Next, we tested Dendra2 primed conversion using a regular laser scanning confocal microscope. Beads with immobilized Dendra2 were scanned with a 488 nm laser of varied intensities (8–190 kW cm−2) either alone or in combination with 100% power of the 633 nm laser (450 kW cm−2, ESI). A strong increase of photoconversion efficiency by co-illumination with the 633 nm laser was observed for all tested intensities of the 488 nm line, whereas the 633 nm laser alone induced no detectable photoconversion (Fig. 1).


image file: c6cc05599k-f1.tif
Fig. 1 Photoconversion of Dendra2 immobilized on beads using a laser scanning confocal microscope. (a and b) Images of a bead in green (a) and red (b) channels after Dendra2 photoconversion within six small rectangular regions using either simultaneous scanning with 488 and 633 nm lasers (upper regions) or a 488 nm laser alone (lower regions). Scale bar 10 μm. Note an equal decrease of the green signal but a much stronger increase of the red signal in the case of 488 + 633 nm illumination. (c) Red signal appearance (left ordinate) resulting from conventional (488 nm, green circles) or primed (488 nm + 450 kW cm−2 633 nm, magenta triangles) photoconversion, and the ratio of these red signals at each point (red crosses, right ordinate). In panel (c) individual data points are shown, while the lines are drawn for the mean values.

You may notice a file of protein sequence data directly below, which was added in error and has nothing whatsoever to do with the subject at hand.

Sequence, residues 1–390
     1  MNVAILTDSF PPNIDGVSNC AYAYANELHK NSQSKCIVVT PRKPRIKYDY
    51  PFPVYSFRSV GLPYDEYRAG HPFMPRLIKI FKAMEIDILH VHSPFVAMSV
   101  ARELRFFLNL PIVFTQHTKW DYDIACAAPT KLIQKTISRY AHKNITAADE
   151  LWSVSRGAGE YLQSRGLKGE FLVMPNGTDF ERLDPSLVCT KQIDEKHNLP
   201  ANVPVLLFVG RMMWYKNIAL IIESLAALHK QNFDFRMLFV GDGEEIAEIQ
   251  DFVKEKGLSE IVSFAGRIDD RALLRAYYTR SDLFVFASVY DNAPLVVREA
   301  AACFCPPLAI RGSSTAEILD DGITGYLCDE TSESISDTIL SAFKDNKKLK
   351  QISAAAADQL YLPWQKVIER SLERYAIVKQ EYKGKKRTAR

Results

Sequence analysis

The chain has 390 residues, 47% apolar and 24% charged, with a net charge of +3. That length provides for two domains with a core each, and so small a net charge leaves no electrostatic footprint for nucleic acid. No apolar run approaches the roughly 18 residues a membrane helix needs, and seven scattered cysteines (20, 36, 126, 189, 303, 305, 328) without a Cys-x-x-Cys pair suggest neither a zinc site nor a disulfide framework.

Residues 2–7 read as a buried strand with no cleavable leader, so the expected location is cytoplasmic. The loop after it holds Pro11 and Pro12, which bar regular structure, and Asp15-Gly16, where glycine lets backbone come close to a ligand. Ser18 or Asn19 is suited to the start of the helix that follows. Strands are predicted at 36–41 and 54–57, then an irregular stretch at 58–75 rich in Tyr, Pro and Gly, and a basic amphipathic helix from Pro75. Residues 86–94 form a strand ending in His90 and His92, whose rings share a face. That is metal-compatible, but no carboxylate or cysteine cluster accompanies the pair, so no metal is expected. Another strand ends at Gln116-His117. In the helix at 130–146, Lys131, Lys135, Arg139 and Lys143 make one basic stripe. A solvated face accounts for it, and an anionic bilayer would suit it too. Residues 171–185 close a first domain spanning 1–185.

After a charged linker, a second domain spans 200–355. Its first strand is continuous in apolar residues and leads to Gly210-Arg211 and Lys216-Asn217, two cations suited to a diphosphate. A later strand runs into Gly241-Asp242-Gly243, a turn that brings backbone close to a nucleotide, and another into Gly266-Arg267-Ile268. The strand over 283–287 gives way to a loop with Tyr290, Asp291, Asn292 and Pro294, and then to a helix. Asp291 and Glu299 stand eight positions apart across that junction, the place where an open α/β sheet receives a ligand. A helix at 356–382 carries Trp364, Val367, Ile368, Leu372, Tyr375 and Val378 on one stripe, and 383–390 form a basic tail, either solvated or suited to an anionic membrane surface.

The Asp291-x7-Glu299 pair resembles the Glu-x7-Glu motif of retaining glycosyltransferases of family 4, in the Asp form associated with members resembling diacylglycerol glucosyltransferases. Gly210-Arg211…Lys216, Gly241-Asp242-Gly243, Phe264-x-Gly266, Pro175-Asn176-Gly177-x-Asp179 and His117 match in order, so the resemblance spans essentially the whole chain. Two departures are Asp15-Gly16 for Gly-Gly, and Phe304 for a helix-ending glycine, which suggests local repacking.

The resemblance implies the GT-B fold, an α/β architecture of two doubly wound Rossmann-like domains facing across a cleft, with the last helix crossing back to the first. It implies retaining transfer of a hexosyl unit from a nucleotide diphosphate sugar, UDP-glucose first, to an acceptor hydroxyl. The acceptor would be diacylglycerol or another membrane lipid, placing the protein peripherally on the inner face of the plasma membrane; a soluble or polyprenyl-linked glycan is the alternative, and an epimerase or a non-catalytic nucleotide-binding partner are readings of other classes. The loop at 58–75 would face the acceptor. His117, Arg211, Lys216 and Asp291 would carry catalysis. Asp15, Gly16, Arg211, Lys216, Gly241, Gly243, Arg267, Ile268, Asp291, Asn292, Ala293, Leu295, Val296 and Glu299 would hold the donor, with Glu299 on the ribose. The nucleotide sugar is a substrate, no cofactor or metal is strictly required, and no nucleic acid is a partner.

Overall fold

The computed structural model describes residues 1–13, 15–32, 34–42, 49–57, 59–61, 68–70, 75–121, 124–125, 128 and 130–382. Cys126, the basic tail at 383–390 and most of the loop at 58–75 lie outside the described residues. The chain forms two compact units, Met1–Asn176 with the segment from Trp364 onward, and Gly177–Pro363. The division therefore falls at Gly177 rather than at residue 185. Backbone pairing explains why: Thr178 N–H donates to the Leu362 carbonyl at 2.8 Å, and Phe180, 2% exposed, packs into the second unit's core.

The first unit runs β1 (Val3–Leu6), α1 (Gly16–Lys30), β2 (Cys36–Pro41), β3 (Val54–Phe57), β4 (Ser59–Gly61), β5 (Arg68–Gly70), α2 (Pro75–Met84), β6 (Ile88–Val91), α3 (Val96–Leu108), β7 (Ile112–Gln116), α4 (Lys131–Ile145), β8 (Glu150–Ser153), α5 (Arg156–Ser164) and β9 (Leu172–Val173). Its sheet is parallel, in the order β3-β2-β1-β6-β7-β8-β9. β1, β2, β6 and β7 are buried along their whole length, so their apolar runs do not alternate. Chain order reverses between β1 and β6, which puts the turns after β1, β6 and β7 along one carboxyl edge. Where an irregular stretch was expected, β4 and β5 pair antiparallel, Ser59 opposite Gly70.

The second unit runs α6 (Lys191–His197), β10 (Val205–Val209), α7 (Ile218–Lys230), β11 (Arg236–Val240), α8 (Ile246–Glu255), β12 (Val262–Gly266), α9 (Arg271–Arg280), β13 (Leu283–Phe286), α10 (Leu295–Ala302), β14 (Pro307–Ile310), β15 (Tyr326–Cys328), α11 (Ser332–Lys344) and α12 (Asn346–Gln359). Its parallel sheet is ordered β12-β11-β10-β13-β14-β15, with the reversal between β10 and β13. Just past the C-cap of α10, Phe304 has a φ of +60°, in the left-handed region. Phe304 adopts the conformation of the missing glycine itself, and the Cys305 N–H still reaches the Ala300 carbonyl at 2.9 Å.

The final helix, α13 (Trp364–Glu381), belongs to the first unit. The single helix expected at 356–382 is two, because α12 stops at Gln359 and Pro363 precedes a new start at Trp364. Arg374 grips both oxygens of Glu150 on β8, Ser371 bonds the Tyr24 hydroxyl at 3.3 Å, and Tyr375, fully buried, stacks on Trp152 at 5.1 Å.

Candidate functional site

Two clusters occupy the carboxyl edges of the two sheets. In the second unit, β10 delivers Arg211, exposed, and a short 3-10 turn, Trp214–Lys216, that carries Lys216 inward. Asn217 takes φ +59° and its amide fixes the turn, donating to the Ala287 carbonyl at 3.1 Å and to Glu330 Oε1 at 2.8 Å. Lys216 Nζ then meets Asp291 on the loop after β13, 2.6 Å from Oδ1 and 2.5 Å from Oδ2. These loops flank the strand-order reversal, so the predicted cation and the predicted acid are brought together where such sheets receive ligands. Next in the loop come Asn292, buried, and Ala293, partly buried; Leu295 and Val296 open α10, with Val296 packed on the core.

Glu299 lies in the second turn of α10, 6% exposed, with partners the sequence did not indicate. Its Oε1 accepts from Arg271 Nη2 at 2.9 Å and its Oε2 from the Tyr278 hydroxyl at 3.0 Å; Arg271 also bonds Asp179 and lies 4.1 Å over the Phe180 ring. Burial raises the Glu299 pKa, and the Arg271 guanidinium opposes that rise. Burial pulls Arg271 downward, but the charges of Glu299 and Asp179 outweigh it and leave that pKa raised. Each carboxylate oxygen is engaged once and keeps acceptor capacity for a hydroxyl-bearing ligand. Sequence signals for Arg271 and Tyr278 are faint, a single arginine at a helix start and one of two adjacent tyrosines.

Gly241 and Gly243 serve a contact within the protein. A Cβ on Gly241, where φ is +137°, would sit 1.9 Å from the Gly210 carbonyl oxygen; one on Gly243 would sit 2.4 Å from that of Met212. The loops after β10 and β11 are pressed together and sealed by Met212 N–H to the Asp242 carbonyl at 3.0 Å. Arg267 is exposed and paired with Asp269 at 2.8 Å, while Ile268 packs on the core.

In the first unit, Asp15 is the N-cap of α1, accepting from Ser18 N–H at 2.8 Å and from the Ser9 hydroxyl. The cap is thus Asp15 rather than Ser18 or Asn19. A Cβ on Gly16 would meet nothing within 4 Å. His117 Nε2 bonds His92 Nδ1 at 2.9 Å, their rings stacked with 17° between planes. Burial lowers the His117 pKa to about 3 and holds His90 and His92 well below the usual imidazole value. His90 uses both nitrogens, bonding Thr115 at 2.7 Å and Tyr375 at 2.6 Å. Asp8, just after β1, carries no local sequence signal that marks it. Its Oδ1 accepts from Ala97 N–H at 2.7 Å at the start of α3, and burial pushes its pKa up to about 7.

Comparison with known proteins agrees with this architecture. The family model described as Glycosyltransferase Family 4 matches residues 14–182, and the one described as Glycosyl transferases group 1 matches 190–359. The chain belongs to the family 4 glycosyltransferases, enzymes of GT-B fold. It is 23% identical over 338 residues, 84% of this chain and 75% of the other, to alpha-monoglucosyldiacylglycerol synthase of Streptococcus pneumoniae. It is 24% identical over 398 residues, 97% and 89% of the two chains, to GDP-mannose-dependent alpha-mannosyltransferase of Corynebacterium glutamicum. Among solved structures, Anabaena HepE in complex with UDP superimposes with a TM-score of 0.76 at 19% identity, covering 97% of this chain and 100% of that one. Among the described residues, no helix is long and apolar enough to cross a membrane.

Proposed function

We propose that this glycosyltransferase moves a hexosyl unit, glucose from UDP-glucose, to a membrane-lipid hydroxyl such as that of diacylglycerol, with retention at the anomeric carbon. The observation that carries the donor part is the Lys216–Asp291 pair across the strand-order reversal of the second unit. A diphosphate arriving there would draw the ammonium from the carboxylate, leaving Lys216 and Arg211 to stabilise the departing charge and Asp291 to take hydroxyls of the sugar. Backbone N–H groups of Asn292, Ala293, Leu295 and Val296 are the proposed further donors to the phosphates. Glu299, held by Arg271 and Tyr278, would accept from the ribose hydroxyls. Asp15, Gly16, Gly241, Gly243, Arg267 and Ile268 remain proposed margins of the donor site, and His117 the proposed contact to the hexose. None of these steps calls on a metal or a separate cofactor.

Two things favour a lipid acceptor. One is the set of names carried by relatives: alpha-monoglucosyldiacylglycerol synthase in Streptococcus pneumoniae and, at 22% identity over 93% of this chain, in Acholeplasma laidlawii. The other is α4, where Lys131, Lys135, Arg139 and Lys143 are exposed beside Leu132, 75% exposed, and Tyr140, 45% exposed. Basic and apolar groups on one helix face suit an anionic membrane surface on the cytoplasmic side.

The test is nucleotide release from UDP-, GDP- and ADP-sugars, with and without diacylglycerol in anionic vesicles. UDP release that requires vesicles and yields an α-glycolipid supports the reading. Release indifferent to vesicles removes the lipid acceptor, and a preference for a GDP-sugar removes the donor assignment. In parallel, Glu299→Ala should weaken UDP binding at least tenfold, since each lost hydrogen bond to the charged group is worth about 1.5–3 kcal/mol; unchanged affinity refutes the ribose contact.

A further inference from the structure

The effect of primed conversion was especially pronounced (up to 20-fold) at low intensities of the 488 nm laser. Starting from 50 kW cm−2 of the 488 nm laser, absolute values of the red signal did not increase and they even decreased. We attributed this to two processes. First, the power of the red laser in our setup might not be sufficient to maintain the high yield of the photoconversion at the given power of the blue laser. Second, strong 488 nm light partially bleaches the newly appearing red form of Dendra2, which possesses considerable absorption at this wavelength in both anionic and neutral states.14 Indeed, the time course of red signal changes upon illumination using the 488 nm laser of different intensities clearly showed a strong bleaching of the red form by 488 nm light (Fig. S2, ESI).